For a long time, it was thought that the universe was created by a powerful deity, however today’s cosmos theory proves otherwise. The origin of the cosmos theory dates from early 1930s, when Belgian astronomer Georges Lemaitre first suggested what is now known as the Big Bang.

Georges Lemaître - Wikipedia

Lemaitre’s Cosmic egg

In 1927, Lemaitre proposed that universe was expanding from a single point called “Primeval atom” or “Cosmic egg”. He partly derived his theory from Einstein’s theory of general relativity however Einstein dismissed the idea of expansion due to lack of evidence. In 1929, American scientist Edwin Hubble discovered that galaxies move away from the centre of the universe which supported Lemaitre’s theory. Lemaitre, it seemed was on the right track.

Steady-state model

During the time Lemaitre and Hubble were working on their theory, the model that was widely accepted was the steady state model. According to this model, the universe had always existed. Matter formed continually between other galaxies as they drifted apart, and continuous creation of matter and energy kept universe in balance. This idea was mainly supported by British astronomer Fred Hoyle.

Residual heat

A year earlier, Ukrainian physicist George Gamow (right) and American Cosmologist Ralph Alpher (left) had published “The origin of chemical elements “to explain conditions immediately after the explosion of the primeval atom and distribution of the particles throughout the universe. This led to the discovery of the Cosmic microwave background radiation (CMBR)- the residual heat from the Big Bang. The discovery of the CMBR ruled out the steady state theory. CMBR proved that there was a time in the universe where it was very hot, and matter clumped together to form galaxies suggesting that the universe had not always been there. This had destroyed the steady state theory and now the Big Bang theory is the preeminent explanation for how our universe began.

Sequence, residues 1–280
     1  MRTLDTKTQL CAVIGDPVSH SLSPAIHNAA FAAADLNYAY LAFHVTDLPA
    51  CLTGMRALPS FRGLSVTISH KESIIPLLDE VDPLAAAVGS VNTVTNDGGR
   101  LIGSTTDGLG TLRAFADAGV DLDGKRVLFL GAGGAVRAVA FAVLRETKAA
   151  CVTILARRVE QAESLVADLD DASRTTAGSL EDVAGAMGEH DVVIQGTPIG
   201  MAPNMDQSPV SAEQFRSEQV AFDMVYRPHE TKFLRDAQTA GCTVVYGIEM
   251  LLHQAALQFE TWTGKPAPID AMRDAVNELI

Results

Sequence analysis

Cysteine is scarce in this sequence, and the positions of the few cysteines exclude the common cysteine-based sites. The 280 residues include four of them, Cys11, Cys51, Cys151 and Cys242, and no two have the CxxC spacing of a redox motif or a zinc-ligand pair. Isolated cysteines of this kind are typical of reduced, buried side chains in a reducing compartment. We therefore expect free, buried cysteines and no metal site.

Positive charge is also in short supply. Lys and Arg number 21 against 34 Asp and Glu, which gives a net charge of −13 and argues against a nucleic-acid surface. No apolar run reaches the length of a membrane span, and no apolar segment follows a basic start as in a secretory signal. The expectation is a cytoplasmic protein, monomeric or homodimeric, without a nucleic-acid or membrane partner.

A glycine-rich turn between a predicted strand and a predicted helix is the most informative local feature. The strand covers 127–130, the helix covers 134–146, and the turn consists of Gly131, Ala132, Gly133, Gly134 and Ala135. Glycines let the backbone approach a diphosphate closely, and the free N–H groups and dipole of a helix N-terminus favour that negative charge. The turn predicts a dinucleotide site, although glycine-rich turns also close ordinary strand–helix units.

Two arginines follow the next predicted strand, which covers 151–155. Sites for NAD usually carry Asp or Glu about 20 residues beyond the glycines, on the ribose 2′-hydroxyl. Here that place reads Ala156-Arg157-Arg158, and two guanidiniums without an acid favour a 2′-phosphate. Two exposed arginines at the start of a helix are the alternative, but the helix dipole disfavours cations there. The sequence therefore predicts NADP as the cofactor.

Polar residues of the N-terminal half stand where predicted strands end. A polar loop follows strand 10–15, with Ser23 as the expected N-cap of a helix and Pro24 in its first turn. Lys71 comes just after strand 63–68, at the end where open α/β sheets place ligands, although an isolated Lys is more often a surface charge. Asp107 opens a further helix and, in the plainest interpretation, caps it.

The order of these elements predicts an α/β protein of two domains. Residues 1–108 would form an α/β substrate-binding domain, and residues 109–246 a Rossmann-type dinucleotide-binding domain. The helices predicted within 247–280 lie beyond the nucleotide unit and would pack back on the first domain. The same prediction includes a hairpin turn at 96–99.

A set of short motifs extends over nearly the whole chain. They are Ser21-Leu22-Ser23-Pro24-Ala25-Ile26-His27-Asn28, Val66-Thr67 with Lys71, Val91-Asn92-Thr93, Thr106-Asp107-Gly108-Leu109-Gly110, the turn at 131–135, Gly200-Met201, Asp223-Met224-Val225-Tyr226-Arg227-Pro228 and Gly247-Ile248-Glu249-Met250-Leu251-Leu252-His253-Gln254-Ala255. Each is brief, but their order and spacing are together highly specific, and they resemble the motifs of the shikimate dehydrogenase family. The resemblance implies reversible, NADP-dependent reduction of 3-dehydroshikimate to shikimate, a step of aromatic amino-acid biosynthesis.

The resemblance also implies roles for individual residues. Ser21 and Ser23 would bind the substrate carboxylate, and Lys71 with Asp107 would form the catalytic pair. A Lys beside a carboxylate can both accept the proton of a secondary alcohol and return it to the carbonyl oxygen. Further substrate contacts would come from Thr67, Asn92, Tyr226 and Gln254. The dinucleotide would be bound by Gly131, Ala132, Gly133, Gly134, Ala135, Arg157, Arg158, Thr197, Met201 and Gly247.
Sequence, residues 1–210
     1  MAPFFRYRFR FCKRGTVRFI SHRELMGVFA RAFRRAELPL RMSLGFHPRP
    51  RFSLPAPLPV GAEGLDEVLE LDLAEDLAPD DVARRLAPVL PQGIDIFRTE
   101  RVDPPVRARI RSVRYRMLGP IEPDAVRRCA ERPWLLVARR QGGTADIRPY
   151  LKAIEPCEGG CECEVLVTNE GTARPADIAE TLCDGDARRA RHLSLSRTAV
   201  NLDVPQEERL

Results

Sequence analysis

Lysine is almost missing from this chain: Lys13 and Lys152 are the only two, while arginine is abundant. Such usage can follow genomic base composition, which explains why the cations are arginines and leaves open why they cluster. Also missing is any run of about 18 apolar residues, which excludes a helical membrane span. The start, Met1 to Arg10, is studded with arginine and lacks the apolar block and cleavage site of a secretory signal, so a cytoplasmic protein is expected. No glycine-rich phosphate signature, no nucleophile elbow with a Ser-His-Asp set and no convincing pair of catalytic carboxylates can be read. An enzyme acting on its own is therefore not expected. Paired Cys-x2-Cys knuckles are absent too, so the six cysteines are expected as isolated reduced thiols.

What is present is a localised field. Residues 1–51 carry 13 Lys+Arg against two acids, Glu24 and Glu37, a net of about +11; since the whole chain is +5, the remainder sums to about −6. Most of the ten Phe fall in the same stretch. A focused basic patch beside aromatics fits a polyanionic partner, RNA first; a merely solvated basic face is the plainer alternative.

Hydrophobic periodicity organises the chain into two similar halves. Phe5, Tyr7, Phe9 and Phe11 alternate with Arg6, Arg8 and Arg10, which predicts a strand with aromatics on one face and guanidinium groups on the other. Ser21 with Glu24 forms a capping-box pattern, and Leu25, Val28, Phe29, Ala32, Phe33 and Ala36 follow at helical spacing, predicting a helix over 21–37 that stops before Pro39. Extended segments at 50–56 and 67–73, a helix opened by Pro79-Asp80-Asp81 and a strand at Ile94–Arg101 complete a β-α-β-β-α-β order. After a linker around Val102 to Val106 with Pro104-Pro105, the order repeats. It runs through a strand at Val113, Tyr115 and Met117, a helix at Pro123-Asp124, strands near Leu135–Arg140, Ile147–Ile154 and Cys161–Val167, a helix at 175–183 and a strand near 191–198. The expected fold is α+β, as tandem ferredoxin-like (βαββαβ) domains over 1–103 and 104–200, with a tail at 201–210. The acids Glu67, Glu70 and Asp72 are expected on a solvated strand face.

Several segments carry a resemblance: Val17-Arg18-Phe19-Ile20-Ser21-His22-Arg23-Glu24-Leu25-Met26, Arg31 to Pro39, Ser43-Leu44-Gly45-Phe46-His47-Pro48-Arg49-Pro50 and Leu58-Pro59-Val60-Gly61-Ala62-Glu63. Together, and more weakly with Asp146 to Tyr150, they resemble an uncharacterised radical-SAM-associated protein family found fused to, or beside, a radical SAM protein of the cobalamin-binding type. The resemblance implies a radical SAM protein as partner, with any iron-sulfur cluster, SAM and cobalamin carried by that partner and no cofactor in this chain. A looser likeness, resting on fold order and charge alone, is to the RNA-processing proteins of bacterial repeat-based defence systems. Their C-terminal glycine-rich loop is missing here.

Stars and Galaxies evolve

Astronomers now believe that the first stars formed millions of years after the Big Bang. As the universe became transparent dense clumps of neutral hydrogen gas, it continued to grow under the force of gravity as more matter was pulled in from areas of lower density. When the clumps of gas reached a high enough temperature for nuclear fusion to occur, the earliest stars appeared. These stars were 30 to 300 times as big as the sun and millions of times brighter. These stars were short lived and exploded into supernovae creating heavy elements such as uranium and gold. About one billion years after big bang, the next generation of stars which contained heavier elements and were longer lived, grouped together to form galaxies, but these drifted apart as the universe expanded. Over the years there were fewer collisions and universe became relatively stable as it is today.

An Observable timeline

The Big Bang theory has enabled scientists to get a firm grasp on the origins of our universe, providing a timeline that stretches back 13.8 billion years to its first moments. Crucially most of the predictions are testable. Physicists can recreate the conditions that took place after the Big Bang. This leads us to today, where we are trying to understand the properties of the universe then as compared to now.

The Big Bang and the Misconceptions Surrounding it
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